Srinagar encounter ends after 32 hours, 2 LeT militants killed
New Delhi: A 32-hour gunbattle ended on Tuesday after Central Reserve Police Force (CRPF) soldiers killed two Lashkar-e-Taiba (LeT) militants who tried to breach the perimeter wall of a CRPF camp in Srinagar.
The CRPF had foiled an attempt by the terrorists on Monday to break through the boundary wall of the camp in Karan Nagar area. The terrorists then fled and sought refuge in a nearby civilian building, drawing the CRPF into a day-and-a-half long gun-battle.
The attack came just two days after a group of suspected Jaish-e-Mohammed (JeM) militants attacked the Indian Army’s Sunjwan camp in Jammu in which five soldiers and a civilian were killed. All four terrorists were killed in the battle.
A CRPF soldier was killed in the initial exchange of fire on Monday.
“We had instructions to minimize casualties on our end. So we acted with restraint and instead of storming the building, the forces killed the terrorists in the exchange of fire itself. No casualties were suffered by CRPF on Tuesday,” said a senior CRPF official, on condition of anonymity.
Intelligence officials said all security establishments, especially those that were family stations and in civilian areas, had been warned.
“Given that this week marked Afzal Guru’s death anniversary, it is no surprise that these attacks happened in quick succession. These are momentous occasions for terror groups and they flex their muscles at Pakistan’s behest. The idea for them is to do such ops on a small scale and in a sporadic manner and kill just three or four security personnel so that damage is minimal for them,” said a senior intelligence official, who did not wish to be named.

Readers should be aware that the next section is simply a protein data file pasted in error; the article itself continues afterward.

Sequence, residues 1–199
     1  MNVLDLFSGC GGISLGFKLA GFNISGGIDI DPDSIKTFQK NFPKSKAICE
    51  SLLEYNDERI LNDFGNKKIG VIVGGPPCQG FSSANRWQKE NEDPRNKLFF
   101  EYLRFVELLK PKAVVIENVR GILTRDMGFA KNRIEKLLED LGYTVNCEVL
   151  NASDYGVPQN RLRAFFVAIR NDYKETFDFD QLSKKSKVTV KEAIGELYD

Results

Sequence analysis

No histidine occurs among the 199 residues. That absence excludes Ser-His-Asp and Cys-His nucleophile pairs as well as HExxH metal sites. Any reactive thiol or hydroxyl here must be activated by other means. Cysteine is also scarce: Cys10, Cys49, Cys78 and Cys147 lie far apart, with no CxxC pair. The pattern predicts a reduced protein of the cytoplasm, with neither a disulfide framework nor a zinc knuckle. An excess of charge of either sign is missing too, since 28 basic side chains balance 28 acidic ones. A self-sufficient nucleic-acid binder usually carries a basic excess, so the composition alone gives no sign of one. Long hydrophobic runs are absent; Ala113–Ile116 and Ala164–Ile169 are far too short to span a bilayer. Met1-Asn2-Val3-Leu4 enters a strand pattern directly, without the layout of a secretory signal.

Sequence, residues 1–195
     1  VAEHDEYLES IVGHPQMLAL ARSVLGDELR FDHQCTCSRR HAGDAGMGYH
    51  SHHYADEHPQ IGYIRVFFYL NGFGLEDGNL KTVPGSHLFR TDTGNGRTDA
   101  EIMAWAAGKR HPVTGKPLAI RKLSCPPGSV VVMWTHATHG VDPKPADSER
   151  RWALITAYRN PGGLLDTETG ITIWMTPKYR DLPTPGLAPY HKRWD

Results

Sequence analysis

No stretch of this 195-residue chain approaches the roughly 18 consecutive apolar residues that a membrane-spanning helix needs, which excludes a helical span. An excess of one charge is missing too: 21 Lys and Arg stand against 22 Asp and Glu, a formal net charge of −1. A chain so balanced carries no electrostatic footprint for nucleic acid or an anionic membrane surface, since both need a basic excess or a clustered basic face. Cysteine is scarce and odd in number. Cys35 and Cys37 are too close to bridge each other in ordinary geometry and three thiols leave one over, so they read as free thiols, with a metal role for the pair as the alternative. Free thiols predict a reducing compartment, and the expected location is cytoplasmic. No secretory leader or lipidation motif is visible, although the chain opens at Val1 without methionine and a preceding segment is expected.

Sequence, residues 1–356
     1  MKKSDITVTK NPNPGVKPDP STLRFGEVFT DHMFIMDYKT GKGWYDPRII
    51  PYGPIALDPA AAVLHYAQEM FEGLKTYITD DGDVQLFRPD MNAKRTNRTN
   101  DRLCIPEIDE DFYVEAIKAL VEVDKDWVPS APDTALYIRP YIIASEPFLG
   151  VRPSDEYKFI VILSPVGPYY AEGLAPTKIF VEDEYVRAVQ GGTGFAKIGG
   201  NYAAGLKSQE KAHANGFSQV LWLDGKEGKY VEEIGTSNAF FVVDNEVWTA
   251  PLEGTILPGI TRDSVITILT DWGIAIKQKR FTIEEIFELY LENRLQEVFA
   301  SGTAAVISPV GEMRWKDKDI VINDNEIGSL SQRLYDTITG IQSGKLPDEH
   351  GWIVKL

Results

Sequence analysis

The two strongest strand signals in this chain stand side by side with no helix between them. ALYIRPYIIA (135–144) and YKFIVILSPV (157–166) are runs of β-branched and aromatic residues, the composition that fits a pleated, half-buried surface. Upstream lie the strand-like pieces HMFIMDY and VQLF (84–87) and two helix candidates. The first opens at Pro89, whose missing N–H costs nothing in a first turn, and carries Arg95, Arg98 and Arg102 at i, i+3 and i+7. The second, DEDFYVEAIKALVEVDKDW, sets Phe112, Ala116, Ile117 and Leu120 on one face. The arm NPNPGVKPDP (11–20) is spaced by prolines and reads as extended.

While Union defence minister Nirmala Sitharaman on Monday warned that “Pakistan will pay for this misadventure,” Jammu and Kashmir chief minister Mehbooba Mufti voiced a contrary view, saying: “Dialogue is necessary with Pakistan to end bloodshed. We have to talk because war is not an option.”
Defence experts, however, added that while Pakistan was unlikely to change its strategy in Jammu and Kashmir, India would have to continue to exercise a policy of strategic restraint, since going to war is ruled out. “The present government has run out of options. Either we conduct covert operations without making a hue and cry about it and be prepared for Pakistan to retaliate in equal measure, or pin our hopes on bilateral and DGMO (director general of military operations) talks between the two armies,” sai H.S. Panag, a former Indian Army officer and defence expert.
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